God wants us busy at work for the soul-saving and gospel-spreading calling He has bestowed upon us.  He doesn’t just want us busy.  He desires that we handle kingdom business as wise stewards of the King of Glory.  Our approach should not be come about what best fits into our calendar or life plan.  We need to see where we are best suited to truly “serve the Lord with gladness.” We need to serve where we can be found faithful, even if it is over the little things.

God doesn’t want us to go about as Bible-toting busybodiesLook at the words of Paul to his young pastoral protegé Timothy as he advises on how to handle such people (1 Tim. 5:13).  God wants us serving as a busy body of believers at work for His glory, not simply a bunch of busybody believers.

Let others see you at work for God.  Show your faith through your works.  Get busy doing the right things in the right way and at the right time.  Show the world and other Christians that there is a vast difference between right and wrong.

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And anyone who does not carry his cross and follow me cannot be my disciple.-Luke 14:27 (NIV)

Salvation is free.  It’s an open opportunity.  All you have to do is believe in Jesus Christ as Lord and Savior.  It costs you nothing.  He already paid the penalty.

There’s a cost for the prize, though.  The prize comes at a price.

In Luke 14, Jesus shares about what discipleship will cost a believer.  It contains statements such as:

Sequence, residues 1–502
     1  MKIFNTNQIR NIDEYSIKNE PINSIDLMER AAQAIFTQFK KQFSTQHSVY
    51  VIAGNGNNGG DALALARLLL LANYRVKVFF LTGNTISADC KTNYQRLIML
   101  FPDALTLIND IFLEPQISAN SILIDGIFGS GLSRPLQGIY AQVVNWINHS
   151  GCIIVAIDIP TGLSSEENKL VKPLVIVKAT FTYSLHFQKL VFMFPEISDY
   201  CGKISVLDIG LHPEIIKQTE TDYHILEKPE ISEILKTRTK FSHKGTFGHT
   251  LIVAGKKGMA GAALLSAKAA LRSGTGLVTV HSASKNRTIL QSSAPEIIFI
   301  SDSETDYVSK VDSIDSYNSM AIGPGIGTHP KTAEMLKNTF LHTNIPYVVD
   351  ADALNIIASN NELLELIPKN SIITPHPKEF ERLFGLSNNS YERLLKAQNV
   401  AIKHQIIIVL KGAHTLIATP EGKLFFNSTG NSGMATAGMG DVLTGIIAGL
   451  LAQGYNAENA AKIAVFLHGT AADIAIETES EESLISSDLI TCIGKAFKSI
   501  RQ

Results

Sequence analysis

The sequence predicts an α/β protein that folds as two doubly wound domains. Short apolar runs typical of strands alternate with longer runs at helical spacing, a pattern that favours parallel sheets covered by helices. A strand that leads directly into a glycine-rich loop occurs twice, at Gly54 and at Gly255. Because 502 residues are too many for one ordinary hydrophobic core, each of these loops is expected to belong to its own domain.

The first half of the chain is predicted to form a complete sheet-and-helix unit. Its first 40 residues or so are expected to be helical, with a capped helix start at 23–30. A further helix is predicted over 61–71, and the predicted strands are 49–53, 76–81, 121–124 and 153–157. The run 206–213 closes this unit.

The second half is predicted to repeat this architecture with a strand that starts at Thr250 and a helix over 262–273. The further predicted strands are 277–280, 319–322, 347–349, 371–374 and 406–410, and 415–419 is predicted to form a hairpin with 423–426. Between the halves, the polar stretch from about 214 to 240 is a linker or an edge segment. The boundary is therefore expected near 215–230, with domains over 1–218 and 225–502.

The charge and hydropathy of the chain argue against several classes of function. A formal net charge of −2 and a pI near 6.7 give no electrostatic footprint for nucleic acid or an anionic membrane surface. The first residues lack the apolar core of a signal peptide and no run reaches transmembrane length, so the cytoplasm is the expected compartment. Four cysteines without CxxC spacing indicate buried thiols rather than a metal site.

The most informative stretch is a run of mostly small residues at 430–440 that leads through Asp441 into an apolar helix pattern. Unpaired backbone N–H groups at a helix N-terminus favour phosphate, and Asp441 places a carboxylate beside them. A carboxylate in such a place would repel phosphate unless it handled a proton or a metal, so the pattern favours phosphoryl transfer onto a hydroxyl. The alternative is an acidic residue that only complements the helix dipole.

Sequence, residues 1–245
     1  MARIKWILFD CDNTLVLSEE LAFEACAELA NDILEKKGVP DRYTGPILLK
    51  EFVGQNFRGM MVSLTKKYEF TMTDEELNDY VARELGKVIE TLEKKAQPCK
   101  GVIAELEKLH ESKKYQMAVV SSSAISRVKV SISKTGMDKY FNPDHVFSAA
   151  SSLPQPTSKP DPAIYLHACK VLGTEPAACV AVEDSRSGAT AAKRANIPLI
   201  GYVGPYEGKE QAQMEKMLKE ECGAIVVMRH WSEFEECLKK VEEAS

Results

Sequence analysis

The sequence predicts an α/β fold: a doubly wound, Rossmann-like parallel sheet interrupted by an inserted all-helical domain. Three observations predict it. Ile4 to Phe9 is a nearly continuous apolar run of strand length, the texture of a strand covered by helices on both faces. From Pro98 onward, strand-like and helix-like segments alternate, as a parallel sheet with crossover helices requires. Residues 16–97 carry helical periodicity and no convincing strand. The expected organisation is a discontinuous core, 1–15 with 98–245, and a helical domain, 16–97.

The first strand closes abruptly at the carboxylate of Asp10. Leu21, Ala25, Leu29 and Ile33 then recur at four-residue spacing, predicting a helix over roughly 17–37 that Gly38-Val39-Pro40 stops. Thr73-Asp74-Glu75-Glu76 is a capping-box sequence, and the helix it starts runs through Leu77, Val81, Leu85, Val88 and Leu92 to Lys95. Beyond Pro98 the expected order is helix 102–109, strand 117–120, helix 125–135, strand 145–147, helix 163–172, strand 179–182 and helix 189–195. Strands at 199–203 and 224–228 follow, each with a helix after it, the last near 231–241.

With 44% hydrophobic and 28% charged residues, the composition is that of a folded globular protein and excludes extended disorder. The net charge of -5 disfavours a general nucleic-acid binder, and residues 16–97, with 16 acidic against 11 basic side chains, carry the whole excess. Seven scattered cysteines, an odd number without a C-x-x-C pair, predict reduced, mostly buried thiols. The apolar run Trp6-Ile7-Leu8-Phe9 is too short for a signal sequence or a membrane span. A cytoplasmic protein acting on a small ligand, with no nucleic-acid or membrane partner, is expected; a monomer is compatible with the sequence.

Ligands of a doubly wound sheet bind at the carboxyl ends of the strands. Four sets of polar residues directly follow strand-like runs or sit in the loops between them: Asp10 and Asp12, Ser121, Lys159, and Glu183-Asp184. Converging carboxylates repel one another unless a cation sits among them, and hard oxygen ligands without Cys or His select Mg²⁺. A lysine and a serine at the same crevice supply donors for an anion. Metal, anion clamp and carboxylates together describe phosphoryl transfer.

•  If anyone comes to me and does not hate his father and mother, his wife and children, his brothers and sisters—yes, even his own life—he cannot be my disciple. (v. 26)
  • Suppose one of you wants to build a tower. Will he not first sit down and estimate the cost to see if he has enough money to complete it? (v. 28)
  • Or suppose a king is about to go to war against another king. Will he not first sit down and consider whether he is able with ten thousand men to oppose the one coming against him with twenty thousand? (v. 31)
  • In the same way, any of you who does not give up everything he has cannot be my disciple. (v. 33)

The Lord was serious about sharing about discipleship.  He was honest and real about it.  He shared that becoming a disciple has to be a calculated and conscious decision because of the cost involved.  He never hid anything about it.

The prize is to be called and considered the Lord’s disciple.  Yet, the prize must come at a cost.  And anyone who does not carry his cross and follow me cannot be my disciple (v. 27, NIV).  You have to be willing to pay the price in order to gain the prize.  You can’t simply pursue the prize.  There’s a price involved in pursuing the prize.  You have to pay the price as you pursue the prize. You have to carry your cross and follow the Master.

The price always comes prior to the prize.  Pay the price and gain the prize.  Of course, that is only applicable if you are willing.

 

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The basis of life is people and how they relate to each other.
John C. Maxwell, Be a People Person
Early on, when I started managing, I found myself in a mess. John Maxwell and Peter Drucker became my best friends to rely upon in those early days. Be a People Person certainly got my attention and helped me understand how to effectively work on myself in order to effectively lead and manage teams of people and deliver results. I learned a lot through the book and shared much of what I learned with others who struggled to survive the responsibility of management.
My experience has taught me a few certainties. One certainty that I have learned about management, whether it is for-profit or nonprofit, is that management can be a mess. It can become a mess if you let it. The management mess can be by decision or de facto. However, once it becomes a mess, it takes some serious work to untangle it all.